8 Ways to Increase Your Productivity as a Writer
AUTHOR DENISE JAY / CATEGORY WRITING / PUBLISHED: SEP-03-2019
Even if you don't have to produce work to a deadline, you'll want to complete your writing projects within a reasonable timeframe; there's no fun in only managing to write a paragraph or two a week or never completing a piece at all. Fortunately, slow progress usually has nothing to do with how you feel about writing and everything to do with poor planning, poor goal setting, or surrendering to distractions. These are issues you can do something about. Here are eight tips for overcoming the most common hurdles to getting more done.
Get Ready For National Writing Month
Set an achievable target word count
There are two questions to ask yourself here. How many words do you want (or need) to write each day, each week, or each month? How much time can you give to your writing? You need to be realistic without cutting yourself too much slack. Unless you're working to a deadline, for a competition submission, for example, making reasonable progress matters more than clocking up a large word count each day.
What reasonable progress means to you depends on your goals. Is 500 words a day reasonable for you or can you reach 1000 easily once you get going? Importantly, don't set goals that are too ambitious because then you're more likely to fail and much more likely to give up completely.
Discover when you work best
Are you a morning person or do you do your best work in the afternoon or evening? Experiment a little until you find your sweet spot. Keep a journal to track how you feel as the days and weeks go by and look for patterns in energy levels and mood you can exploit to increase your productivity. If your best time changes as the year progress, go with the flow.
Be flexible, to a point
Life can get in the way of writing. Sometimes you're not going to be able to sit down and focus when and where you want to, but don't let this stop you altogether. At these times, you need to have a fall-back strategy. Try splitting a writing session into several shorter ones over the day or reducing your target word count for that day. However, a writing routine can help you stay on track, so get back to yours as soon as you can after a setback.
Have your writing space set up ready to go
If you've set aside 30 minutes to write and spend half of that searching for your pen and notebook or firing up your laptop and finding your latest draft, you're wasting valuable time. Be prepared. Keep your writing paraphernalia in one place. Turn your computer on 15 minutes before you sit down to write, and, if possible, have your word processor or writing software of choice open automatically at startup.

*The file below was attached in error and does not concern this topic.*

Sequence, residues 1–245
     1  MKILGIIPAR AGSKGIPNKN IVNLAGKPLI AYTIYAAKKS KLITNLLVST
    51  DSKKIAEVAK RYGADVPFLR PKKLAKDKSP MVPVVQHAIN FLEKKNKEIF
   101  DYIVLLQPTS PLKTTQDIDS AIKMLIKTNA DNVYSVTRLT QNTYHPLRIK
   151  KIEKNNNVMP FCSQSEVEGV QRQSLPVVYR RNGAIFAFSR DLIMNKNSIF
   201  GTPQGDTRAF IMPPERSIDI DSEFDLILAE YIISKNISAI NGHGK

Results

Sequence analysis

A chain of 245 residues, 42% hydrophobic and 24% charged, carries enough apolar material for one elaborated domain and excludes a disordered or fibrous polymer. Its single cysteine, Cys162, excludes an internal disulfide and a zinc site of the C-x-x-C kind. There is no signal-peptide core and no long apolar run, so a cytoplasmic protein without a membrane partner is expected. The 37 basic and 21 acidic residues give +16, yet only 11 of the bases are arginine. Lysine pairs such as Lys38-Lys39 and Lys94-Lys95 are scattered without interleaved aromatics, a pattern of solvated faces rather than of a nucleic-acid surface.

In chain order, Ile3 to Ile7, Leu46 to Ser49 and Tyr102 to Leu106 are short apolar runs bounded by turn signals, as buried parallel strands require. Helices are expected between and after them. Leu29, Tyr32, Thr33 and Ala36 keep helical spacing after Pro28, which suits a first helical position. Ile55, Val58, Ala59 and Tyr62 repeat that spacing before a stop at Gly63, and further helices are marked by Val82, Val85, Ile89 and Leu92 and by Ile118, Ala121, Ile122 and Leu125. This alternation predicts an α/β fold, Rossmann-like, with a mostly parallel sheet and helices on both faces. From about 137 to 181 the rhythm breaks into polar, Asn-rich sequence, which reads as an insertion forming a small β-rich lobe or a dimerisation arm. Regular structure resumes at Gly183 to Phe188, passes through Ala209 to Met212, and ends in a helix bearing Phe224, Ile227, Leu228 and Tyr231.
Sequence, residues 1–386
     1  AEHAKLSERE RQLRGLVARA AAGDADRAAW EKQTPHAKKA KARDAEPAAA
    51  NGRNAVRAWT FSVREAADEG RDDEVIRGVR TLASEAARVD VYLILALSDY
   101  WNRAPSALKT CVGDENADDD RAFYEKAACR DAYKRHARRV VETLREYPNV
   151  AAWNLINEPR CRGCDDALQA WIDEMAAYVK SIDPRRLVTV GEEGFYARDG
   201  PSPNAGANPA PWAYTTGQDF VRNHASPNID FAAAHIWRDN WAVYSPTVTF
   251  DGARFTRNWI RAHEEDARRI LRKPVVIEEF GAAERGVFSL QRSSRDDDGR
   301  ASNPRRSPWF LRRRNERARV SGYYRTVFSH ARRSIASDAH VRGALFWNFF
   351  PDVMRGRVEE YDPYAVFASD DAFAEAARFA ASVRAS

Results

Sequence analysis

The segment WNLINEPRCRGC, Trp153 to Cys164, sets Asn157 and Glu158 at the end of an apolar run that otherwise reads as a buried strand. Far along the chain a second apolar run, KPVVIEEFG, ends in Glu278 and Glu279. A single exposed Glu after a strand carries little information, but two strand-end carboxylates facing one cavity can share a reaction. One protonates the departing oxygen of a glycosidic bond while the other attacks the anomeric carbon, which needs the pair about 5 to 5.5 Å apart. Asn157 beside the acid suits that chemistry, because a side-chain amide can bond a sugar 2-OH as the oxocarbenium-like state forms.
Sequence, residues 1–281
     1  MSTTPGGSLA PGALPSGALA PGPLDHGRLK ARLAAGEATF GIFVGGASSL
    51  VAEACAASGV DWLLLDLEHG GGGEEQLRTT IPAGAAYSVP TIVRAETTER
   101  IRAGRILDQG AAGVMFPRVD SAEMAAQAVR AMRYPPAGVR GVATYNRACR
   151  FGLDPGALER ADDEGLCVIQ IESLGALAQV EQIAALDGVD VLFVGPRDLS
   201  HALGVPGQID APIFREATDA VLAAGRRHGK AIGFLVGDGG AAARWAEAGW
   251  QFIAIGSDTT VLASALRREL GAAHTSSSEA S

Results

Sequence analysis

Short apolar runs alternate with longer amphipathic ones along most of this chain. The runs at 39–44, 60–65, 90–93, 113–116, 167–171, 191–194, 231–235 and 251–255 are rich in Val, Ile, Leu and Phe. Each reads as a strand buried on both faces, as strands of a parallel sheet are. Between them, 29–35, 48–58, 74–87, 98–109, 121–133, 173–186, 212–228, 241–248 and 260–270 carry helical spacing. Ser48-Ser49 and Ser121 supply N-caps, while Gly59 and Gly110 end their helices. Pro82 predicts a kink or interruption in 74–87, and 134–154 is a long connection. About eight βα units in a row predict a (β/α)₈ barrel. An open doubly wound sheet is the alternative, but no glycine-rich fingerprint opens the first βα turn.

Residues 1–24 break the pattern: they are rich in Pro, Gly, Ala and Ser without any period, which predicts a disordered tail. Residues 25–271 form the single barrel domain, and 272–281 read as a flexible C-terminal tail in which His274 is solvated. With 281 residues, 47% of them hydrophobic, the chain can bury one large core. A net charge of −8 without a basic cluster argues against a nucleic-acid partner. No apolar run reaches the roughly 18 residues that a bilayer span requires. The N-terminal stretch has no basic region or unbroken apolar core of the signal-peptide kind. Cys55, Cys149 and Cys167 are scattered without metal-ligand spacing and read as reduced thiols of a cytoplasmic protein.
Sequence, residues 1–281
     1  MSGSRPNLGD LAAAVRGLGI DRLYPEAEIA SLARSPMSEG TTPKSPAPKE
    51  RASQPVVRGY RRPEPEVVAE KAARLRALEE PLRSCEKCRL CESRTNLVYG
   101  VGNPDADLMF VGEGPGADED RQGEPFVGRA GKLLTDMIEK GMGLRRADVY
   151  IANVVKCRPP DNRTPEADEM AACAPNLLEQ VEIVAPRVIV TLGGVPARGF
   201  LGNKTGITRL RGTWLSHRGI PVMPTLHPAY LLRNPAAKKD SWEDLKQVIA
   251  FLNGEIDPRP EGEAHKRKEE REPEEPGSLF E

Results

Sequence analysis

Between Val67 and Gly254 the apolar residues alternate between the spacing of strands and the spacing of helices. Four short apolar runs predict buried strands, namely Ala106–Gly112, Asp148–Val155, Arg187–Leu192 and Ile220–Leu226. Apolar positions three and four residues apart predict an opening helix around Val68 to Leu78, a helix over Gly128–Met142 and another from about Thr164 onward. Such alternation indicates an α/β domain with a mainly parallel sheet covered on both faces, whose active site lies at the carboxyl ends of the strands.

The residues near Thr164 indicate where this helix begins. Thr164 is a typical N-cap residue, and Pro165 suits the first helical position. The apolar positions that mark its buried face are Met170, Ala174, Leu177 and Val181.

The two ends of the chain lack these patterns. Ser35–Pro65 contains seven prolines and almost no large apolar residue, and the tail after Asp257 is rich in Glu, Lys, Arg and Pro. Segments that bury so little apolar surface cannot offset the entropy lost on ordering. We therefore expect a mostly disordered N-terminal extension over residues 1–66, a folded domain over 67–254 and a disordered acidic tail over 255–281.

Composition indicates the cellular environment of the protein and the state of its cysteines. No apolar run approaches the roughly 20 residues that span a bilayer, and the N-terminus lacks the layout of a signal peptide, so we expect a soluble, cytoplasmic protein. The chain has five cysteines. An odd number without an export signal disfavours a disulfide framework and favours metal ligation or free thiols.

Cut the digital distractions
For many, the internet is the biggest obstacle to productivity. It is a great research tool but social media, news outlets, and shopping sites forever beckon, and when you're idly surfing the internet, you're not writing. If you have trouble focussing when the internet is a click or two away, try writing by hand. If you must work on a computer, use an app or program to block access to the internet for an hour or two so you can devote time exclusively to your art. Alternatively, set a timer and vow to focus only on getting words down until the alarm goes off.
Minimize human distractions
If you're living with others, you may need to shut yourself away or leave the house entirely to write. Plenty of writers work in libraries, cafes, or even book themselves into hotels to get away from human distractions. If you can't get away, negotiate with your roommates or family for uninterrupted time to write. Use headphones or earplugs to shut out any noise and send the message "do not disturb." It's worth a try. Your writing matters, so try to make others understand this.
Find a writing buddy
Do you have any friends who write? Do you belong to a physical or online writers' group? If so, find someone to pair up with and be accountable to. Check-in with each other from time to time and share how you're getting along. Set joint writing goals or introduce some competition. Perhaps the last to complete a chapter or short story in a given time agrees to buy the other a drink.
Take time to nurture yourself
Writing can be a lonely business and unhealthily sedentary, so make time to get out to meet friends, spend quality time with your family, go for a walk, or treat yourself when you've achieved your writing goals. Come back refreshed and eager to move forward.
If you're not writing as much as you'd like, you'll feel frustrated or you might even be ready to give up completely. Fortunately, there is hope. There are solutions to your problems if you're prepared to approach your writing practice differently. Help yourself by planning ahead, setting realistic goals, building in some flexibility, and finding the right place to work at a time that suits you best. Happy writing!
About the Author
Denise Jay is a freelance writer based in the UK. She holds degrees in chemistry and a Certificate of Higher Education in nutrition.